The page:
The bills of sale from Archer to Moody and from Moody to Auchter show that the hoist was sold and bought as a "3 wheel-barrow tower." This description was also used in Archer's advertising. Witnesses explained that this description indicated a tower with a capacity designed for the lifting of a platform carrying three wheelbarrows loaded with concrete. Further there was evidence that the total weight of the bail, platform and three full wheelbarrows was about 2300 pounds; that the safety devices were adequate for that weight; that the tower itself would safely support the weight of a full concrete bucket (approximately 7000 pounds), but that the safety devices would not hold such a bucket when loaded and were never intended to do so.

An expert witness who examined the equipment after the accident testified that marks on the guide rails indicated that the dogs had engaged the rails continuously except for short distances; that there was no malfunction of the safety devices; that they performed perfectly within the limits of their capacity and were not in any way defective; that they were not designed to hold a platform carrying nineteen men; that, by the pressure of the cutting edges of the dogs against the rails and the friction developed between them, the dogs had destroyed themselves in the manner intended; that the condition of the dogs and the rails indicated that there could not have been a free fall of the platform.

There was some contrary expert testimony introduced on behalf of plaintiffs, but in our consideration of this phase of the case we are concerned only with evidence tending to sustain the verdict.

[9] We conclude, then, that there was evidence on the basis of which the jury could properly have determined that Archer was not negligent in the manufacture of the hoist for the purpose for which it was intended lawfully to be used.

[10] What we have said, in this regard, concerning negligence applies also to plaintiffs' contention that Archer was liable for breach of implied warranty. As stated in plaintiffs' brief, their point is that "when the seller knows the use for which an article is purchased, an implied warranty of its fitness for such purpose arises as a matter of law."

Archer argues two points in this regard. First, it says that the case of Continental Copper Steel Industry v. Cornelius, 104 So.2d 40 (Fla App, 1958), relied on by plaintiffs to impose an implied warranty without privity, does not extend the rule beyond a purchaser; that since plaintiffs were not purchasers anywhere in the chain there was no contractual relationship to which a warranty could attach. Second, Archer argues, the basic factual requirement for warranty is absent, being the situation in which a buyer's desire for a product to meet a particular need, or for a particular purpose, is made known to the seller and in making the purchase the buyer relies on the skill, judgment or experience of the seller.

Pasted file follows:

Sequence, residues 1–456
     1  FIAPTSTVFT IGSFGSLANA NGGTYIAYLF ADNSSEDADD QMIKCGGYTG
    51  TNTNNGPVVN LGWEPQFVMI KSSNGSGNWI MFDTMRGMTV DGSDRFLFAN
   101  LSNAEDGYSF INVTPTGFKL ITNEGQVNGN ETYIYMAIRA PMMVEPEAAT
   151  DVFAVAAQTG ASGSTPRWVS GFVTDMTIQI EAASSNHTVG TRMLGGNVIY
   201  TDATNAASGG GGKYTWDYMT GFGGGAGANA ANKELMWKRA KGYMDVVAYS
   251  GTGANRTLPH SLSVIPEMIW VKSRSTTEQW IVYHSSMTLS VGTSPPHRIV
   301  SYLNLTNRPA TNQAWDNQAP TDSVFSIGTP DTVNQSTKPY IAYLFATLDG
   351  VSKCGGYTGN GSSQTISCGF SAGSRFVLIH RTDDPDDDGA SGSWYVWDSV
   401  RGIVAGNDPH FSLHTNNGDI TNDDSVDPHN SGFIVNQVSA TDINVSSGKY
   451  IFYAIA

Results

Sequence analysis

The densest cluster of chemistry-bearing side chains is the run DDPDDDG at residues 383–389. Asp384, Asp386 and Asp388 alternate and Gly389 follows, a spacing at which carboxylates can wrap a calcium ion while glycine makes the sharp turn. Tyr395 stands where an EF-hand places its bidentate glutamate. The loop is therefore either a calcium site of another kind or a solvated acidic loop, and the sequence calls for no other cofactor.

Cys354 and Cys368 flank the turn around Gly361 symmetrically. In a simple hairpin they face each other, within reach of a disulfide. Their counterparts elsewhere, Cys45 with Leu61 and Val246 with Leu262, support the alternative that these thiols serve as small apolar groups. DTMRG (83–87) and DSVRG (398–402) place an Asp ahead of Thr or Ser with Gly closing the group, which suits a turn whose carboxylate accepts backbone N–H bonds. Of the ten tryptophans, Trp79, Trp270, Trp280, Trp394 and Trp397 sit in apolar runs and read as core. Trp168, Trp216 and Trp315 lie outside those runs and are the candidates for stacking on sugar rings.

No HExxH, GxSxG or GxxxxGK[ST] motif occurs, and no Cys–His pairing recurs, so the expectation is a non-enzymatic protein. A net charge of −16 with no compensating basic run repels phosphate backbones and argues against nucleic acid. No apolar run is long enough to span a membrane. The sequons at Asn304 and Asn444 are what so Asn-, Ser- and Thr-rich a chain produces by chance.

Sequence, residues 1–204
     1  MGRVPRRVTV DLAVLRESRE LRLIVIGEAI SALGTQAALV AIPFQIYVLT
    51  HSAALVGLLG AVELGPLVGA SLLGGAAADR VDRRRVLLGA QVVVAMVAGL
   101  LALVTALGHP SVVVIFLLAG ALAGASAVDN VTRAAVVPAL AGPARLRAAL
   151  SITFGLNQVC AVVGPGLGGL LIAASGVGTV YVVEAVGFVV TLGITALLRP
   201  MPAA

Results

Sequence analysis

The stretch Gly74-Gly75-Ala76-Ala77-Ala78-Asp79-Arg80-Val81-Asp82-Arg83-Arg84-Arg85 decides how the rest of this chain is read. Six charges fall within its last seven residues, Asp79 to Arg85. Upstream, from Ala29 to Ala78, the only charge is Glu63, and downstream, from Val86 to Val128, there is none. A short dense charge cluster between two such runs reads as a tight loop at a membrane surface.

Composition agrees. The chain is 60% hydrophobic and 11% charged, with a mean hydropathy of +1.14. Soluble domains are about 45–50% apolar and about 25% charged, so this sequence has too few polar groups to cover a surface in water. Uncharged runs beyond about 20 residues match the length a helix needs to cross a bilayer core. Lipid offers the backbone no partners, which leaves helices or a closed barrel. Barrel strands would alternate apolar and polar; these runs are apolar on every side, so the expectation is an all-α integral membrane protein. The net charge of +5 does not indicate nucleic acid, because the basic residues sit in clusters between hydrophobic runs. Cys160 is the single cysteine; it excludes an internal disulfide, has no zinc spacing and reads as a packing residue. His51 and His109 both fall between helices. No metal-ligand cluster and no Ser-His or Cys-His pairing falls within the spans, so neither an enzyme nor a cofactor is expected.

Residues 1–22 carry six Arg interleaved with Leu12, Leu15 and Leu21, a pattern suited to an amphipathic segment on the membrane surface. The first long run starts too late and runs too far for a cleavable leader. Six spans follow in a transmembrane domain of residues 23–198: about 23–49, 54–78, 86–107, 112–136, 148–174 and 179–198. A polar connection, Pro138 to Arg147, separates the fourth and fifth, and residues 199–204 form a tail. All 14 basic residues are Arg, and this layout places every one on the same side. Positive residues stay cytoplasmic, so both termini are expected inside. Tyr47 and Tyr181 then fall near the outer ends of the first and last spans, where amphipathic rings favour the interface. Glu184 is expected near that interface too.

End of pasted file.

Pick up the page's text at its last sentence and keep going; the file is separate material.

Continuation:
Plaintiffs' response to both these points is that an implied warranty carries with it an absolute liability which runs with the chattel, eliminating the necessity of any kind of privity, citing Matthews v. Lawnlite Co., 88 So.2d 299 (Florida, 1956), and Carter v. Hector Supply Co., 128 So.2d 390 (Florida, 1961). [11] Because of the view we take of the scope of such a warranty, if there were one, we consider it unnecessary to determine these points or comment on the cases cited pro and con in the briefs. It may be, as contended by Archer, that the principle of warranty is not applicable at all to the facts of this type of case, but, if it were applicable, such a warranty would also be limited in scope to fitness of the article for the purpose intended.

Here, again, we believe that there was evidence on the basis of which the jury could properly have determined that there was no breach of implied warranty, since the use of the hoist at the time of the accident was outside the scope of the purpose for which it was intended.

[12] Plaintiffs' next argument concerns alleged improper conduct on the part of Archer's attorney. In considering this point, and others relating to alleged errors of the trial court, it should be borne in mind that this was a thirteen-week trial. It seems unlikely that there ever have been thirteen weeks of hotly contested jury trial in which there were not some errors committed by the trial judge and some conduct on the part of ardent advocates which was not entirely proper. In so stating, we do not believe that we encourage the lowering of professional standards, but merely place in their proper perspective the mistakes which both court and counsel will ever seek to avoid, but probably never with complete success.